In the course of gender mainstreaming practice, a number of instruments have been developed, which mainly relate to a gender analysis of organizations or competence development. These are presented on various websites, which we refer to under the tab Links. Here we focus on instruments that can be used to analyze the effects of political strategies, programs, measures or laws on gender relations. These can be carried out with varying degrees of complexity. One of the more in-depth instruments is the Gender Impact Assessment (GIA), which we present in more detail on a subpage.
The gender dimensions act as a kind of searchlight with which social power relations (causes, structural inequalities and forms) between the sexes are analyzed. This makes it possible to identify potential effects of measures on gender relations and, if necessary, to adapt planned projects accordingly. They were (further) developed and applied to climate policy within the framework of the research project “Interdependente Genderaspekte der Klimapolitik” (Interdependent gender aspects of climate policy).
- Symbolic order: hierarchizations, attributions and positions of meaning, gender-hierarchical narratives and modernization strategies (cross-section dimension)
- Care economy/care work: attribution, significance, distribution, instrumentalization in societies’ economies
- Market driven/labor economy: horizontal and vertical segregation, economic job valuation, poverty, property, financial capabilities
- Public resources/infrastructures: provision, alignment, prioritization, accessibility, usability
- Institutionalized androcentrism/power of definition: masculinity models set as the standard and benchmark in subject-/action-field-specific rationalities, problem perceptions, methods etc., institutionalized content-related-cognitive gender hierarchizations
- Shaping Power at actor’s level: Participation and consideration of gender expertise in decision-making in science, technology and politics
- Body/health/safety/privacy (intimacy): social organization of sexuality, health, freedom from violence, privacy, sexual self-determination
from: Spitzner, Meike; Röhr, Ulrike; Hummel, Diana; Alber, Gotelind; Stiess, Immanuel (2020): Interdependente Genderaspekte der Klimapolitik. Gendergerechtigkeit als Beitrag zu einer erfolgreichen Klimapolitik: Wirkungsanalyse, Interdependenzen mit anderen sozialen Kategorien, methodische Aspekte und Gestaltungsoptionen. Endbericht. Umweltbundesamt (Hg.) Texte 30/2020, Dessau-Roßlau. (English summary on pp. 29-43)
Key questions for gender analysis in brief: Does the measure have an impact on gender equality policy objectives?
What gender effects could the measure have?
- Which groups of people are directly and indirectly affected by the measure? How are women, men and other genders represented numerically?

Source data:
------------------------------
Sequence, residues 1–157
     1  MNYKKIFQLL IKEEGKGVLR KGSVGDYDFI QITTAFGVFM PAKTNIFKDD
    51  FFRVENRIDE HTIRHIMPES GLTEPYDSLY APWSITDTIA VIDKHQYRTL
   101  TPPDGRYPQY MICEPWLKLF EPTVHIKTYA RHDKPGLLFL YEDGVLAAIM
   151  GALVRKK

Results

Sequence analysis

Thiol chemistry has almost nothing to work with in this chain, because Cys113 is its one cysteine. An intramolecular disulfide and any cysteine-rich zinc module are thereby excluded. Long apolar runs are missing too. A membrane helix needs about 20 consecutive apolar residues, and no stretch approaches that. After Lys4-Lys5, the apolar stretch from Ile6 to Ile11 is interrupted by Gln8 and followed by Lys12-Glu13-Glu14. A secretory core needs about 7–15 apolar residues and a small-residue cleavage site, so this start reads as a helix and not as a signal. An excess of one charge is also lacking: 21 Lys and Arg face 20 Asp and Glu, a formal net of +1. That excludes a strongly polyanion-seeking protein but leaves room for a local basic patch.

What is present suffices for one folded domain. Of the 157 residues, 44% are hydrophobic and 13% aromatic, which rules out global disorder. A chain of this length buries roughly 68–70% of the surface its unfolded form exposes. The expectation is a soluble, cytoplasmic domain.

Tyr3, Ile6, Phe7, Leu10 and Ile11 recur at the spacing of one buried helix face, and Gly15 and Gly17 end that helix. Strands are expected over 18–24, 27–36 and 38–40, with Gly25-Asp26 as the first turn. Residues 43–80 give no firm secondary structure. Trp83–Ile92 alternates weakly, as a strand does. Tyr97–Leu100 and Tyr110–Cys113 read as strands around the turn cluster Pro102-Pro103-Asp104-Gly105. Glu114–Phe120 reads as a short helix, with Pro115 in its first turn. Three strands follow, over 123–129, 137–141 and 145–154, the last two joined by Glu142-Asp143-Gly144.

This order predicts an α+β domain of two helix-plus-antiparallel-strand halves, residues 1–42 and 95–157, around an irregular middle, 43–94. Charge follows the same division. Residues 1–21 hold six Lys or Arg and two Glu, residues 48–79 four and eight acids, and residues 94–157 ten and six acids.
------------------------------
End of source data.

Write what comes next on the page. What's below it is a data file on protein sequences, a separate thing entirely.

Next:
- What effects could the measure have on the different life situations, interests and everyday practices of the genders? (see gender dimensions and the GIA in more detail)?
- Who benefits directly and indirectly from the measure (economically; shift of work to the unpaid private sector, etc.)?
- What are the causes of the differences identified? (role models, norms, values, income, etc.)
Representation in technology, science and politics / Power relations
- Share in decision-making positions, control positions, stakeholder groups; possibility to introduce different attitudes, preferences, needs
- Which actors were involved in the development of the measure?
- Which experts and groups should be involved?
- Is gender knowledge present among the actors?
Which data and which findings/knowledge is available
- What other data and information is available/needed (e.g. gender-disaggregated data (ideally not only sex-disaggregated but also gender-disaggregated) to analyze the effects of the measure)?
- Which research needs result from this?
Within the framework of the research project “Interdependente Genderaspekte der Klimapolitik” (Interdependent Gender Aspects of Climate Policy) funded by the UBA and BMU, the gender impact assessment was further developed and specifically adapted to climate policy.
A working aid (currently only available in German) for this is published in the appendix to the final report. The report contains an English summary of the research project findings.
Within the framework of their international project "Gender into Urban Climate Change Initiative", GenderCC and partners have developed the GAMMA methodology (Gender Assessment & Monitoring of Mitigation and Adaptation) to examine local adaptation and climate protection strategies regarding their gender-specific effects, identify possible entry points for gender aspects and develop recommendations on how to close gender-specific gaps in planning procedures, priorities, strategies and measures. The assessment consists of several steps that cover the institutional environment and procedures, the full range of a city's climate policy and an in-depth analysis of the gender-specific impacts of selected measures. A toolbox for applying GAMMA will be available soon.
A compilation of instruments for gender mainstreaming can be found on the following website (among others):
- The European Institute for Gender Equality has compiled an extensive collection of methods and instruments for gender mainstreaming, some of which are supported by examples.